Muslim women can reshape Islam
Something special went unnoticed last week when the US State Department gave out its first awards for "women of courage" to 10 foreign recipients: Seven of the women had demonstrated their honored bravery within Muslim countries.
Were these awards another US effort to help reform Islam? Possibly. But Secretary of State Condoleezza Rice simply praised the honorees for "combating attempts to dehumanize women." And the awards were pegged to International Women's Day, March 8.
Still, the winners, selected from 82 women nominated by US embassies, came from only eight nations, five of which are largely Muslim (Afghanistan, Indonesia, Iraq, Maldives, Saudi Arabia). That carries a message about the churn for change among Muslims.
It's possible that at least one woman activist from Iran should have made the cut. But then she would have been tagged a US agent. Last week, the clerics who rule in Tehran detained 33 women activists as they protested for five other women on trial for a 2006 demonstration against discriminatory laws. Such arrests show that female dissenters in Iran are a big threat to the Islamic regime.
Mullahs in many Islamic nations are nervous these days about educated women smartly arguing against post-Muhammad interpretations of the Koran that treat women differently than men. If anyone on the State Department's list comes closest to fulfilling that role, it is Dr. Siti Musdah Mulia of Indonesia.
Islamic followers in that Southeast Asian nation have long expressed the religion's gentler qualities, such as tolerance and mercy. Indonesian women, for example, don't suffer honor killings or genital mutilation. And they may interpret holy texts and be teachers and preachers, challenging misogynist or patriarchal theology. With more than 200 million Muslims, Indonesia may someday spread a kinder form of Islam, unlike that from Iran and Al Qaeda.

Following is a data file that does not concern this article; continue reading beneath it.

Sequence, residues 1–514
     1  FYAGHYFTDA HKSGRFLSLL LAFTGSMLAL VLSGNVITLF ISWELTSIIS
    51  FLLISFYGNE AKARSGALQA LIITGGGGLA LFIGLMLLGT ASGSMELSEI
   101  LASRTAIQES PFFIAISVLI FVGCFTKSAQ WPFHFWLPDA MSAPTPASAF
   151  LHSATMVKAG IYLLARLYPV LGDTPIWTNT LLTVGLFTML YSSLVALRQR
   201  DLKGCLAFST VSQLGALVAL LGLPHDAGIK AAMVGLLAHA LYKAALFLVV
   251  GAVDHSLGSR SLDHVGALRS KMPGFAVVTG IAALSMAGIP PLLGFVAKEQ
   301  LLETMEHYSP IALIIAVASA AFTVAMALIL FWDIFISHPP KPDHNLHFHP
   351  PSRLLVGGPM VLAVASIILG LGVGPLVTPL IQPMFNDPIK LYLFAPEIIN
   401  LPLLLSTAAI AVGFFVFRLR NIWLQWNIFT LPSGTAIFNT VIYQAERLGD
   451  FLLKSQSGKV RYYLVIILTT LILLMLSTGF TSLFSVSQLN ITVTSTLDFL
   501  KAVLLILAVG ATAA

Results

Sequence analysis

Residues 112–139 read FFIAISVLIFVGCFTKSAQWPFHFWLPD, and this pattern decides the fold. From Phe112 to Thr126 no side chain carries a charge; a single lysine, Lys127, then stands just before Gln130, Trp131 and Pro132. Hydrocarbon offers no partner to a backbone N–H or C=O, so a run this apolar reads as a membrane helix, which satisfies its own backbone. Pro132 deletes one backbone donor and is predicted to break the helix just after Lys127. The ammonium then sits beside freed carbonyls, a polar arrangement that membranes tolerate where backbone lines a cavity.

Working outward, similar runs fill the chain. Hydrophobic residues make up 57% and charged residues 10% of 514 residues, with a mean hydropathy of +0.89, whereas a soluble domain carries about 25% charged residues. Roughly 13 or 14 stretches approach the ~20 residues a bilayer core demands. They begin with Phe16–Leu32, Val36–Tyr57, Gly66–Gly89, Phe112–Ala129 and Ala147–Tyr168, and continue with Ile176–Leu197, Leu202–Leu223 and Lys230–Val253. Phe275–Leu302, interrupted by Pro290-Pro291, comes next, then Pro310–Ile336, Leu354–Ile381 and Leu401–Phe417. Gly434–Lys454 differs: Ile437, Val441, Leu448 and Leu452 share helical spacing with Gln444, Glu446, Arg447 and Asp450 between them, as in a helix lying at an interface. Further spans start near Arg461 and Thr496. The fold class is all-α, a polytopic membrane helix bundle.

Dr. Mulia was Indonesia's first woman with a doctorate in Islamic political thought and the first female professor at the Indonesian Institute of Sciences. In 2004, she led an effort to revise the legal code, seeking a ban on polygamy and forced marriages. The attempt, however, was thwarted in parliament by Islamists.
Still, the stage was set to further improve women's rights. Many new women's groups in Indonesia are making "unyielding religious arguments," states US scholar Pieternella van Doorn-Harder in her 2006 book "Women Shaping Islam." These women, she writes, "did not set out to be activists or feminists but wanted women to fulfill the status originally given to them by Islam: equal human beings in front of God."
Muslim women can claim that status, lost to them during Islam's early centuries, by gaining more specific knowledge of the Koran. In the 1970s, for instance, women Islamic scholars in Indonesia said the Koran allows birth control. Soon afterward, male scholars endorsed that view.
This kind of grass-roots shift within Islam needs quiet support. It may be more effective than simply championing Western-style human rights. Religion speaks to the heart, and it is hearts that need to be changed if Muslim women are to win equality with men.